Magazine article The Spectator

Faulty Towers

Magazine article The Spectator

Faulty Towers

Article excerpt

There's nothing like a skyscraper to tell you where he next bubble will burst.

Ever since the Arab Spring sprang its bright new dawn, the old regimes of the Middle East - along with their economies - have fallen like dominoes. But one authoritarian regime, at least, stands taller than ever: Saudi Arabia. Its shimmery skyline, its modern minarets, all testify to the infallibility of petroleum-rich power. Yet there's one enormous sign that Saudi may be headed for the skids.

This year, the Saudis started construction of the Kingdom Tower, a 200-floor skyscraper which is due to be completed in 2017. This citadel has the backing of Prince Alwaleed bin Talal, and will be built by the Bin Laden family (the late Osama was a relation, though they disavowed him years ago). The building will have 59 lifts, luxury apartments, offices and a Four Seasons hotel. There will be a viewing platform at the top, from which to survey the gleaming metropolis of Jeddah.

Kingdom Tower will be the tallest building in the world. It will be a kilometre high.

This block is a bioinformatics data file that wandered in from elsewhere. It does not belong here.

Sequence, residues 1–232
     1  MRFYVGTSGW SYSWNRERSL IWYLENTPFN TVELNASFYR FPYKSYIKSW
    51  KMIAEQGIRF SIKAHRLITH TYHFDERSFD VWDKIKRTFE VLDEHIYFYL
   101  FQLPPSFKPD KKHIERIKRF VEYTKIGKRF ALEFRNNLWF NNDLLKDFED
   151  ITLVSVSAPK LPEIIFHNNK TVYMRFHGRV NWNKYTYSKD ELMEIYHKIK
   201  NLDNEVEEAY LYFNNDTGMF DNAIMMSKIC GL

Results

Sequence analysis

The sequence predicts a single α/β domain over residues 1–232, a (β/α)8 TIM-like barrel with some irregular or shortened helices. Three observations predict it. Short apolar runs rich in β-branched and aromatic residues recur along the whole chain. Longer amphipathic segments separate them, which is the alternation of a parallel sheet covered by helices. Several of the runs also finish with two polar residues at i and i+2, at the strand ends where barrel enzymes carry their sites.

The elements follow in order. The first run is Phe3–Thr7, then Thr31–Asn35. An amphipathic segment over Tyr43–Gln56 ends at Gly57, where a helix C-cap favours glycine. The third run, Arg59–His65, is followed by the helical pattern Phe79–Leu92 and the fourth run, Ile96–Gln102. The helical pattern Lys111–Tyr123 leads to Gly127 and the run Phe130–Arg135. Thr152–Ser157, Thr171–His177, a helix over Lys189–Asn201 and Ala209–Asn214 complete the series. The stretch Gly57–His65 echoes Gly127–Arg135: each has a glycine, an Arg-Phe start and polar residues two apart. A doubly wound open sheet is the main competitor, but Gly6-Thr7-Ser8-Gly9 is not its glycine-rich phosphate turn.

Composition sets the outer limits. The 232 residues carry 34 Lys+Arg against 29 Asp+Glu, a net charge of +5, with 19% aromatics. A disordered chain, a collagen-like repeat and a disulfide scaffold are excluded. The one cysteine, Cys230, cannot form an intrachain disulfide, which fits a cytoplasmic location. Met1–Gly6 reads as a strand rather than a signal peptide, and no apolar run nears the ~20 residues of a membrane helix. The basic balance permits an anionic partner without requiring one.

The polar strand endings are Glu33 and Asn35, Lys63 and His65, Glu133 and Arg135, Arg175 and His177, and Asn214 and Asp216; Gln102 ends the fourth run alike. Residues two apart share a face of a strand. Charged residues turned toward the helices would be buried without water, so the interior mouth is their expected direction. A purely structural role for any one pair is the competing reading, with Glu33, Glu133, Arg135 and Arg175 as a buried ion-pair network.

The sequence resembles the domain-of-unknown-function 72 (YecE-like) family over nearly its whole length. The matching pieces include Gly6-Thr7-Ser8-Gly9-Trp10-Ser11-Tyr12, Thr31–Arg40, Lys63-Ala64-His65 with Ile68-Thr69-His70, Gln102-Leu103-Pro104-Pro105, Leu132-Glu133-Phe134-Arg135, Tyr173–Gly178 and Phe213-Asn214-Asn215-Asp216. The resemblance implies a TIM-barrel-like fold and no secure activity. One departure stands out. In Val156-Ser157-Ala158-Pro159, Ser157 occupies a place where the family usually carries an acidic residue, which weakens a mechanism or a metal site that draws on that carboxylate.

The Saudis should know better. The building of a record-breaking skyscraper has almost always been a harbinger of economic doom, as the people who study this phenomenon seriously (there are one or two of them) will tell you. Take, for example, America. In the 1900s, Manhattan was laying the groundwork for the two tallest buildings the world had yet then seen - the Singer Building, construction of which started in 1902, and the Metropolitan Life Tower, begun in 1907. Then came the panic of 1907, which saw the New York Stock Exchange fall 50 per cent from its peak the year before.

The Empire State Building and the Chrysler Building popped up around the time the Wall Street crash of 1929 triggered the Great Depression. The World Trade Center and the Sears Tower coincided with the 1973 stock market meltdown and the oil crisis.

Examples can be found across the world.

Malaysia's Petronas Twin Towers, which held the title of world's headiest erection for six years, was built between 1993 and 1998.

The Asian financial crisis struck while it was being completed. The UAE's Burj Khalifa shot into the Emirati heavens just as Dubai began defaulting on its loans. …

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